As Verizon Wireless is wont to do, the carrier is unleashing all its goodies right before the holiday season, from the RIM BlackBerry Storm to the HTC Touch Pro to the subject of this review, the Samsung Saga. Like the Samsung Ace for Sprint, the Saga offers world-roaming capabilities but expands its capabilities with the addition of a touch screen, optical mouse, and Windows Mobile 6.1. Plus, with its full QWERTY keyboard, sleeker design, and faster performance, it's a better fit for Verizon's globetrotting executives than the RIM BlackBerry Storm. The Samsung Saga is available now through Verizon Wireless for an affordable $199.99 with a two-year contract.
The Samsung Saga falls into the sleek QWERTY category of smartphones and doesn't stray far from the design of the company's other messaging-centric devices, including the Samsung Epix and the Samsung Ace. The Saga measures 4.8 inches tall by 2.4 inches wide by 0.5 inch deep and weighs 4.6 ounces, so it's a bit tall but thin enough to not be too cumbersome. It's also light and feels comfortable to hold both on a call and while composing messages. The Saga also stands out with a blue soft-touch finish, while the outer edges have a black leatherette texture similar to the back of the RIM BlackBerry Bold.
Like the Epix, the Samsung Saga features a touch screen so you can select items and launch applications by tapping the screen. Unlike the Epix, there is no haptic feedback on the Saga so you won't feel any vibrations when you touch the display. Though we like having the haptic feedback to provide confirmation that the screen has registered your touch, the lack of this feature on the Saga isn't a deal breaker. The display measures 2.5 inches diagonally and shows 65,536 colors at a 320x320-pixel resolution, so images and text look sharp and bright. You can customize the Today screen with various themes, background images, and more. The default Verizon Wireless theme provides access to a lot of information from the Today screen, including tabs for Connection, Favorites, Contacts, and Settings.
Below the display, there is a standard navigation array of two soft keys, Talk and End buttons, a Start menu shortcut, an OK button, and a directional keypad/optical mouse. Like the Epix and the Samsung Omnia, the optical mouse function places a mouselike cursor onscreen that you can maneuver by moving your finger on the circular trackpad below the display and then depressing the button selects an item. The trackpad is larger than the one found on the Epix and Omnia, so it made it easy to use the optical mouse and we found it quite a convenient way to navigate the smartphone. If you find that you don't like it, you can switch modes and use the control as a traditional directional keypad.
The Saga's full QWERTY keyboard is reminiscent of the Epix. The buttons are slightly on the smaller side but there's adequate spacing between the keys. Also, unlike the BlackJack II, the keyboard isn't so stiff and hard to press, so we had a better typing experience on the Saga. We were able to compose some fairly lengthy e-mails and text messages with minimal errors. There is no dedicated number row; rather it shares space with the letter keys, but they're highlighted in white so they're easy to identify when looking at the keyboard. There are also some shortcuts on the bottom row of keys, including Messages and Music.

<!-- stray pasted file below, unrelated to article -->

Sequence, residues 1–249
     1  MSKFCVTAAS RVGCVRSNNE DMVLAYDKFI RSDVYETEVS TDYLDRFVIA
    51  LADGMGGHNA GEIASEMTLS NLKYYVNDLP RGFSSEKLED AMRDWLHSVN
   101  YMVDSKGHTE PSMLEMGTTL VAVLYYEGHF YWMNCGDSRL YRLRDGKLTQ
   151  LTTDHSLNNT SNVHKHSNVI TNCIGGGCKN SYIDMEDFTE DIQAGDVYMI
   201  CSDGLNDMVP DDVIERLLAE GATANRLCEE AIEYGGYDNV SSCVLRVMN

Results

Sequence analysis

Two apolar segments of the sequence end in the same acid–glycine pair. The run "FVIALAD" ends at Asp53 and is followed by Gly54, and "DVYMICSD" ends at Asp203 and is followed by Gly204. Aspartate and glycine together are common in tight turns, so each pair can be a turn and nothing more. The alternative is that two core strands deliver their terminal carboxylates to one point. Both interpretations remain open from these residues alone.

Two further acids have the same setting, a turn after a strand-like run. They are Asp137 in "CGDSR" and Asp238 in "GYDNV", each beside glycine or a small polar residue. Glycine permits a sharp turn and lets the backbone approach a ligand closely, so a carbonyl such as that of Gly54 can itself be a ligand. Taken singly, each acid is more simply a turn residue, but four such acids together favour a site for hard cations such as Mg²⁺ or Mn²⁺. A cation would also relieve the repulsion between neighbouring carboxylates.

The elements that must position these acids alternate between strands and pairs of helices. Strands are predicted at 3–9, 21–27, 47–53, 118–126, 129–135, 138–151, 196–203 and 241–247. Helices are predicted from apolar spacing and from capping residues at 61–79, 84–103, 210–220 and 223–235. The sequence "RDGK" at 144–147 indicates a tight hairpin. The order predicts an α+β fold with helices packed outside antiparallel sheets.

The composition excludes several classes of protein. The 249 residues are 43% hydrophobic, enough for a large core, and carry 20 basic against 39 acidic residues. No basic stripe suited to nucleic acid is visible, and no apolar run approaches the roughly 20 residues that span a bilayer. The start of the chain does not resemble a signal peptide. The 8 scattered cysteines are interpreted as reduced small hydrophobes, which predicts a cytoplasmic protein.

On the left side, there's a volume rocker and a lock button, and on the right spine, there's a proprietary Samsung power connector and a camera activation button. The top of the unit has a 2.5mm headset jack, a stylus, and a power button. You'll find the camera, self-portrait mirror, and speaker on the back of the phone. Finally, the SIM card holder and microSD/SDHC expansion slot are located behind the battery cover, but we had an awfully hard time trying to remove the battery door.
Verizon Wireless packages the Samsung Saga with a travel charger with various international adapters, a USB cable, a SIM card, software CDs, and reference material. For more add ons, please check our cell phone accessories, ring tones, and help page.
The Samsung Saga brings another world phone to Verizon's smartphone lineup, joining the RIM BlackBerry Storm and the older RIM BlackBerry 8830 World Edition. The Saga's dual-mode functionality allows the phone to automatically switch between CDMA and GSM networks to offer seamless international roaming, all while keeping the same phone number. The smartphone ships with a SIM card preinstalled but note that the phone does not support domestic GSM bands, so you can't swap in an AT&T or T-Mobile SIM card. To check for international coverage and roaming charges, you can check Verizon's Web site. The carrier also offers technical support if you need help while overseas, including a 24-hour Global Help Desk that's open seven days a week and you also get a calling card for free support calls while traveling outside of the United States from any landline phone to technical support in case your Saga is lost, broken, or stolen.